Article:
32. Haegel, N. M. et al. Terawatt-scale photovoltaics: transform global energy. Science 364, 836–838 (2019).

    Article  CAS  Google Scholar 

  33. Victoria, M. et al. Solar photovoltaics is ready to power a sustainable future. Joule 5, 1041–1056 (2021).

    Article  CAS  Google Scholar 

  34. Renewable Capacity Statistics 2021 (IRENA, 2021);

  35. Transporting Pure Hydrogen by Repurposing Existing Gas Infrastructure: Overview of Existing Studies and Reflections on the Conditions for Repurposing (European Union Agency for the Cooperation of Energy Regulators, 2021).

  36. Steffen, B. & Patt, A. A historical turning point? Early evidence on how the Russia–Ukraine war changes public support for clean energy policies. Energy Res. Soc. Sci. 91, 102758 (2022).

    Article  Google Scholar 

  37. Lau, M., Ricks, W., Patankar, N. & Jenkins, J. Pathways to European independence from Russian natural gas. Zenodo (2022).

  38. Pedersen, T. T., Gøtske, E. K., Dvorak, A., Andresen, G. B. & Victoria, M. Long-term implications of reduced gas imports on the decarbonization of the European energy system. Joule 6, 1566–1580 (2022).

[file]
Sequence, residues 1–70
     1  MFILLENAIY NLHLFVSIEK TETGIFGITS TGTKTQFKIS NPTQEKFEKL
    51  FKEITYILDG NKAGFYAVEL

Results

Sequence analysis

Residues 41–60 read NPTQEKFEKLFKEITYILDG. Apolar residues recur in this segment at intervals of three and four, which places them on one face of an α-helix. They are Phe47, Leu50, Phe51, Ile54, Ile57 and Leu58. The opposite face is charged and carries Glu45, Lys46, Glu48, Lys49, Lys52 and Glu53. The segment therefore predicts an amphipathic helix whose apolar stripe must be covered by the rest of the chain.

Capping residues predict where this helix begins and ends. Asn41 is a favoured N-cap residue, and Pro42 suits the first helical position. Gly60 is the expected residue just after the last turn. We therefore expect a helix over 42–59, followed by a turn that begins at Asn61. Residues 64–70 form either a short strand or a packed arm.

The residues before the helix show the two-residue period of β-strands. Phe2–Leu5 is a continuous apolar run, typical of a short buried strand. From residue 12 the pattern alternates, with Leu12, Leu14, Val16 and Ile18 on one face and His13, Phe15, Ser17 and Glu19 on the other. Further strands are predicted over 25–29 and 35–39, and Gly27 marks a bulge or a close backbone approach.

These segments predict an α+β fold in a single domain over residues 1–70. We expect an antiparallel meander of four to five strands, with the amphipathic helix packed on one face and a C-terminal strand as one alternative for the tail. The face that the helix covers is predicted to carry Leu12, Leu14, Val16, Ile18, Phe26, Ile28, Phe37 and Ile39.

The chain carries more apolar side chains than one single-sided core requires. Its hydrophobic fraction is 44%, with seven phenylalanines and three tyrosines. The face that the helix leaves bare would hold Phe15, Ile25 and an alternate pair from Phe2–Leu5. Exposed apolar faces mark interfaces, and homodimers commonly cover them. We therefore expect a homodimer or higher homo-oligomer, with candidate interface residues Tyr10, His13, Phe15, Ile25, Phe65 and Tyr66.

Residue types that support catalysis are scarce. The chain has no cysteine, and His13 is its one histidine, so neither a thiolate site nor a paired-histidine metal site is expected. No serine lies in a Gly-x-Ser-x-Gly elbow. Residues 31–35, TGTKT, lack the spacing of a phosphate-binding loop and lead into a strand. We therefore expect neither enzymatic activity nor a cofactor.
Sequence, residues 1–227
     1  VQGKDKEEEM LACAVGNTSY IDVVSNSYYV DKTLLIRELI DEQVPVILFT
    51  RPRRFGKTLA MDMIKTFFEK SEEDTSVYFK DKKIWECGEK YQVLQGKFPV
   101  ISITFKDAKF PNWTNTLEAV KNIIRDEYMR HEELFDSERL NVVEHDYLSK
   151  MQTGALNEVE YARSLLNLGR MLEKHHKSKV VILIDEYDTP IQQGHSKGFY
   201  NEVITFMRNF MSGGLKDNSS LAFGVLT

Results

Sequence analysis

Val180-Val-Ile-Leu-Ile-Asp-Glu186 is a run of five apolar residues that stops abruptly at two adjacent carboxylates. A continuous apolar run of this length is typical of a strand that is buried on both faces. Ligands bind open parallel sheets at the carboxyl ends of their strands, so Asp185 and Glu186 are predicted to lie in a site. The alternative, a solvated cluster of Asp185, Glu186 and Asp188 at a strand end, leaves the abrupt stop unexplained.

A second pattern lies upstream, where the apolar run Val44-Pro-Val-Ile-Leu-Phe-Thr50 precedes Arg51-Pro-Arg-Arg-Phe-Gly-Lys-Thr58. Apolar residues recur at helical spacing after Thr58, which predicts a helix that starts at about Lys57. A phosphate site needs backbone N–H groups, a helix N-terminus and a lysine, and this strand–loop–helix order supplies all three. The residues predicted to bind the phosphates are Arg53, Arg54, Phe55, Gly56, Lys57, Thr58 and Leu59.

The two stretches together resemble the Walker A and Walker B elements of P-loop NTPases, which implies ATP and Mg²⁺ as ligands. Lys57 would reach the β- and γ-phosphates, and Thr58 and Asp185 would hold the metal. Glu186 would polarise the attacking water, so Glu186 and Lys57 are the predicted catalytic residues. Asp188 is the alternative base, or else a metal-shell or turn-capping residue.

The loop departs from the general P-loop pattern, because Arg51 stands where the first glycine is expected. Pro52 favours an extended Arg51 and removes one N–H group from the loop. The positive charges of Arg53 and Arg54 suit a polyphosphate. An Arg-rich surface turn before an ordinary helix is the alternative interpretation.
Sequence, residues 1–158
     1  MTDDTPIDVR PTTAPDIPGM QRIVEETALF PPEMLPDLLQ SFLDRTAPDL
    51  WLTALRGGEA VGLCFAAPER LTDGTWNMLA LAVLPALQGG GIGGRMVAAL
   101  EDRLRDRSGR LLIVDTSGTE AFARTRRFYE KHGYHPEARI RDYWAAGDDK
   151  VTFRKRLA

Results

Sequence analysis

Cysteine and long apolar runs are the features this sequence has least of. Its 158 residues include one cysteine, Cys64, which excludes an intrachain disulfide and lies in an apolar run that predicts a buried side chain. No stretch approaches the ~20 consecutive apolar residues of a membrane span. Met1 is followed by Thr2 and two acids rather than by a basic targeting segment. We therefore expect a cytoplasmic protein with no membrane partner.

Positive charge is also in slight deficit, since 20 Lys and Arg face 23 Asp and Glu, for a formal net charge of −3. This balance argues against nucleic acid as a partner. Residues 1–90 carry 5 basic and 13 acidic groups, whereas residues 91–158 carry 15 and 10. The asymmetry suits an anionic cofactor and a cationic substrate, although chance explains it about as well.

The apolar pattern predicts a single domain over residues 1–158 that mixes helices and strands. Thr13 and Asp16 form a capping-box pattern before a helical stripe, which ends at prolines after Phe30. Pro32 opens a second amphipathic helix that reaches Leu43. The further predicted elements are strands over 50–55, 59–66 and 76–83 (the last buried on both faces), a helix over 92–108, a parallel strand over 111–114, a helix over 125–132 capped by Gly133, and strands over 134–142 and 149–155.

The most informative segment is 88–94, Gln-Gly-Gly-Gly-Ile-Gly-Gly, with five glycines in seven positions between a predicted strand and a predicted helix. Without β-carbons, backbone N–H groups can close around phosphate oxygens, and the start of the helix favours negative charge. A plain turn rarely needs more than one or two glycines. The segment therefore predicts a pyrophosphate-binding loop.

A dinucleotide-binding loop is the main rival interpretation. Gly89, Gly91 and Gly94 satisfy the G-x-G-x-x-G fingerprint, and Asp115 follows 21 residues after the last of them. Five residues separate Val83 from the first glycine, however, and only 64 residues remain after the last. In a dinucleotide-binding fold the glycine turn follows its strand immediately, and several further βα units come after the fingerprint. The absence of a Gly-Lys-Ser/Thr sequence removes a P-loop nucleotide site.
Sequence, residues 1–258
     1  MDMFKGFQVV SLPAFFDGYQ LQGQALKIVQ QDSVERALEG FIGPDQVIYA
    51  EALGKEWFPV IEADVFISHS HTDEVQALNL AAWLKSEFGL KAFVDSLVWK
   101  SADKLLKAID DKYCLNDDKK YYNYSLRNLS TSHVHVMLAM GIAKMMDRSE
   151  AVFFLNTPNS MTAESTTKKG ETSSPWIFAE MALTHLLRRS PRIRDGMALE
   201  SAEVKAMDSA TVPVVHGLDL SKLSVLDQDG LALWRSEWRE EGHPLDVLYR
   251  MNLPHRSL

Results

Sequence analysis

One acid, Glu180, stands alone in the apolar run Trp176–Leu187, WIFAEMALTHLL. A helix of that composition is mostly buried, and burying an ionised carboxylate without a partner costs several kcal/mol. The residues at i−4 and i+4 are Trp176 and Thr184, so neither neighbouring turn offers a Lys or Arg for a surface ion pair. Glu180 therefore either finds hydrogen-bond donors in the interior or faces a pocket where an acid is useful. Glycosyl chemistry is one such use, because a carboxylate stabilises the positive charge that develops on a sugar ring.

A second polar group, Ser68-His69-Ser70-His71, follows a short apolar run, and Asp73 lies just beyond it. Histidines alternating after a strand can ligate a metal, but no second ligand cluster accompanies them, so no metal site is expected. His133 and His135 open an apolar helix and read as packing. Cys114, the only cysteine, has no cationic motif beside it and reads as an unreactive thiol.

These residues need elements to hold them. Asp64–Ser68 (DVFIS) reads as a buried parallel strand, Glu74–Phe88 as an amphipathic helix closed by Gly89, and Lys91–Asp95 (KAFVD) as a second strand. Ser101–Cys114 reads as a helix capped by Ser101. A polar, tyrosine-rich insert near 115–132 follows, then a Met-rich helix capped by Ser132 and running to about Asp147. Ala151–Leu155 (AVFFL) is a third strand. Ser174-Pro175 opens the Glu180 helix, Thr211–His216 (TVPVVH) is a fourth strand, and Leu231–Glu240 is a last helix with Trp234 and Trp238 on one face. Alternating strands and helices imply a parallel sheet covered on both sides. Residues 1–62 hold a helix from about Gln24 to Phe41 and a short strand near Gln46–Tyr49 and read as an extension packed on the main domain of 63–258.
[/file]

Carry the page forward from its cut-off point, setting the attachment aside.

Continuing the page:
Article  CAS  Google Scholar 

  39. Does Phasing-out Russian Gas Require New Gas Infrastructure? (Artelys, 2022);

  40. EU’s Russian Gas Phase-Out Hinges on Clean Energy (Bloomberg, 2022).

  41. Financing REPowerEU (European Commission, 2022);

  42. Steffen, B. The importance of project finance for renewable energy projects. Energy Econ. 69, 280–294 (2018).

    Article  Google Scholar 

  43. Henderson, M. in The Principles of Project Finance (ed. Morisson, R.) 185–204 (Routledge, 2016).

  44. Global Trends in Renewable Energy Investment 2020 (Frankfurt School-UNEP Centre & BNEF, 2020);

  45. Report on Regulatory Frameworks for European Energy Networks 2020 (Council of European Energy Regulators, 2021);